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One interesting note of coffee roasting is that as beans reach into second crack, they tend to lose any distinctive varietal flavors. Is this a bad thing? Well, for some, perhaps... I for one will mutter a bit if my Ethiopian Yirgacheffe goes past Full City and I lose distinctive flavor notes; and in my early roasting career I almost cried as a batch of prized Puerto Rican select went unheeded into Italian Roast realm before I managed to get back to it. But... some varieties do better at distinctive French Roast stage. De gustibus non disputandum est - it just doesn't pay to dispute results in cup!
And that is coffee roasting. I have seen a fair amount of advertising of 'slow-roasted' or 'deep-roasted' coffee, which always gets me to wondering. I suppose if you roast a huge amount of beans in a low-temperature environment... why, yes, that would in fact be a slow process! Certainly for a roaster to get beans to a certain roast point and no further, it does pay to be precise and not rapidly incinerate his product. But I can't say I'd want to purposely take any longer than necessary to do so.
As for 'deep' roasting? Hmm. Can't say as I've ever heard of 'shallow' roasting; but whatever it is, 'deep roast' must be opposite! Seriously, only 'trick of trade' that I can think of runs counter to notion of holding beans at any given temperature... and that is, once a batch reaches desired point, get it out of roaster and cool it down FAST! As described above, quality of a roast depends on those sugars and soluble materials within bean getting 'cooked' very specifically. Keeping beans near additional heat (yes, even other beans nearby, releasing their own heat energy) will continue to cook them.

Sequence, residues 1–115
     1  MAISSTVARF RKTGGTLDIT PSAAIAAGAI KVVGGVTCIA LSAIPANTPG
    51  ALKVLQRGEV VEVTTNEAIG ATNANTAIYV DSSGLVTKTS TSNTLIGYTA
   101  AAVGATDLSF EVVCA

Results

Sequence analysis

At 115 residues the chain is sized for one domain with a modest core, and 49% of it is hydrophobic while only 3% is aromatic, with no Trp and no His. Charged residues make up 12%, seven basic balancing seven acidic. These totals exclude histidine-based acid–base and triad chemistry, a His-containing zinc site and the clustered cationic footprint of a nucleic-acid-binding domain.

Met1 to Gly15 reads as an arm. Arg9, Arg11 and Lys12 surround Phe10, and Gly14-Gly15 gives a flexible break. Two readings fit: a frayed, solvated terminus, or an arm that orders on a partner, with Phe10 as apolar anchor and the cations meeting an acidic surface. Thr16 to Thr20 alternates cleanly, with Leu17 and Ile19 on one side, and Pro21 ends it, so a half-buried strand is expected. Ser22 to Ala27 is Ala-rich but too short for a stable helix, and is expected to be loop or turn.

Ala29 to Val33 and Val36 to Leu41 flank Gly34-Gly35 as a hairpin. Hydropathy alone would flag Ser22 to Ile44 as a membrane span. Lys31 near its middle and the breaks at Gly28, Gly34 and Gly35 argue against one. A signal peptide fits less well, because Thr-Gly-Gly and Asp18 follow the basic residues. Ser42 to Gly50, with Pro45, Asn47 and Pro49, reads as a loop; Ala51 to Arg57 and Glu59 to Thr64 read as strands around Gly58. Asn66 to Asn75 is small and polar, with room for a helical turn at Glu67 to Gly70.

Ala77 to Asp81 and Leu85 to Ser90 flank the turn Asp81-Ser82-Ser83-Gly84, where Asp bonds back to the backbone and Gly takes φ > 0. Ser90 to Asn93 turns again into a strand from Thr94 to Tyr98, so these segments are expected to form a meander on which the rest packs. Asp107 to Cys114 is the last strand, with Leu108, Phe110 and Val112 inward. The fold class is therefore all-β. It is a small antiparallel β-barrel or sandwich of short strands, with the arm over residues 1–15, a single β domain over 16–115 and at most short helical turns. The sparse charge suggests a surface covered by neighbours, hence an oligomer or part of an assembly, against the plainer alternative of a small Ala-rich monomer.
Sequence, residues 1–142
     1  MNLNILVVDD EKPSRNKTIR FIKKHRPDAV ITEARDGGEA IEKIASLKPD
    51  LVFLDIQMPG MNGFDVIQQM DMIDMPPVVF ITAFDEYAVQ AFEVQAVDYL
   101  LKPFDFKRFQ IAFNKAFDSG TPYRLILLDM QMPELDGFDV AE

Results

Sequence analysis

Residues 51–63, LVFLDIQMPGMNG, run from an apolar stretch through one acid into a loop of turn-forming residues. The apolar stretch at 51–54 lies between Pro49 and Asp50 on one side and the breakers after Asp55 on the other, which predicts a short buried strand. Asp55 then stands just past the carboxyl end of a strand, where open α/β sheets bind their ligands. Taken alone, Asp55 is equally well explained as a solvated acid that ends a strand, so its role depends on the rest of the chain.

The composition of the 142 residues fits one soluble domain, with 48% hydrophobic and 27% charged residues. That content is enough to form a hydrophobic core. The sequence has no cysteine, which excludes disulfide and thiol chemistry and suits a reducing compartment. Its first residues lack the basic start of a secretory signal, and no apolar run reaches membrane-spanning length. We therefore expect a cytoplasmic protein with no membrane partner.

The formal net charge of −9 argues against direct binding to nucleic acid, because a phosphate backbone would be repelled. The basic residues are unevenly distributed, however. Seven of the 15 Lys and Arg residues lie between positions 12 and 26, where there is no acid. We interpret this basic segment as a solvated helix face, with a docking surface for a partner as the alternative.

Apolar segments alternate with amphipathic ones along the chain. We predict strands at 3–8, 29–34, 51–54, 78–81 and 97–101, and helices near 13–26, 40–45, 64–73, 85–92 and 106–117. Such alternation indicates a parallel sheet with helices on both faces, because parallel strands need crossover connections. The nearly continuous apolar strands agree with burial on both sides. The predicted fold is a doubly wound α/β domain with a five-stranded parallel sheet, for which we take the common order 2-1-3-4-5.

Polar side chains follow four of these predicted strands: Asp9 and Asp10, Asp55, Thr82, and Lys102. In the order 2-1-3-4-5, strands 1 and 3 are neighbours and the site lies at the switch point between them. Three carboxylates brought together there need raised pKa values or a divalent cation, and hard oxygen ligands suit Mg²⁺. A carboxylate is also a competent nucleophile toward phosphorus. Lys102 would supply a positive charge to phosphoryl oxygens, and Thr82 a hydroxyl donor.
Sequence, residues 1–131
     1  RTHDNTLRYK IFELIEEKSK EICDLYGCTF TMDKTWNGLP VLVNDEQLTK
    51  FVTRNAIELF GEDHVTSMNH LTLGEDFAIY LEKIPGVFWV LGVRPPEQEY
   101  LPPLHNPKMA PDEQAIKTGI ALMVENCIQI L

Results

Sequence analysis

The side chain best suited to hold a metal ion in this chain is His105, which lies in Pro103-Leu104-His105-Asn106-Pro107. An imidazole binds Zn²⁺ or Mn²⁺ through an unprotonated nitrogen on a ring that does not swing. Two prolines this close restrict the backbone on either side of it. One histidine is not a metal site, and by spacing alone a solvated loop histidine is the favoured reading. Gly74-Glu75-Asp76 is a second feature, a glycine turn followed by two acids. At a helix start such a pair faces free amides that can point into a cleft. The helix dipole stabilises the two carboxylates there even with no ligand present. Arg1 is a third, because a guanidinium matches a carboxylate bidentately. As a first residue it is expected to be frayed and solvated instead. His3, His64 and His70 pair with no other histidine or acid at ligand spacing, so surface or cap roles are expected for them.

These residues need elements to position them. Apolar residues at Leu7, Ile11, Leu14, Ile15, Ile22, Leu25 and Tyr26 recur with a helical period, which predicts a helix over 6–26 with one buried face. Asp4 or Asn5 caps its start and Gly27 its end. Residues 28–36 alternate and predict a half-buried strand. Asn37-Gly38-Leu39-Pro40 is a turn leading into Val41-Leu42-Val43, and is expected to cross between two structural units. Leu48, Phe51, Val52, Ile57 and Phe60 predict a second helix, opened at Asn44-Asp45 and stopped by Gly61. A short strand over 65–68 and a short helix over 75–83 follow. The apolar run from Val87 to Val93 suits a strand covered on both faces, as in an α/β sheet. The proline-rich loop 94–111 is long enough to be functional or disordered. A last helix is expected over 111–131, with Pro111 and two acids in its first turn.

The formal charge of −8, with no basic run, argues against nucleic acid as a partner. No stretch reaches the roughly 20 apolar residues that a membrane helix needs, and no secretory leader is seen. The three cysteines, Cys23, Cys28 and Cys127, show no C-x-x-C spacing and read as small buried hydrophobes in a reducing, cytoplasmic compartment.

To some extent this is unavoidable, so experienced roaster will compensate for this by knowing his roasting environment; and ideally provide a cooling location where beans can cool as rapidly as possible by flow of cool (i.e., room temperature) air over freshly-roasted beans. This allows them to 'coast' into their final characteristic color and taste.
© Andy White, Roastmaster for Coudy Coffee. For more coffee and espresso information and resources, visit http://www.coudycoffee.com
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Andy White is the Owner and Roast-Master for Coudy Coffee, proudly serving his small-batch roasted gourmet coffees to wholesale and retail customers. He can be reached through the Coudy Coffee web site http://www.coudycoffee.com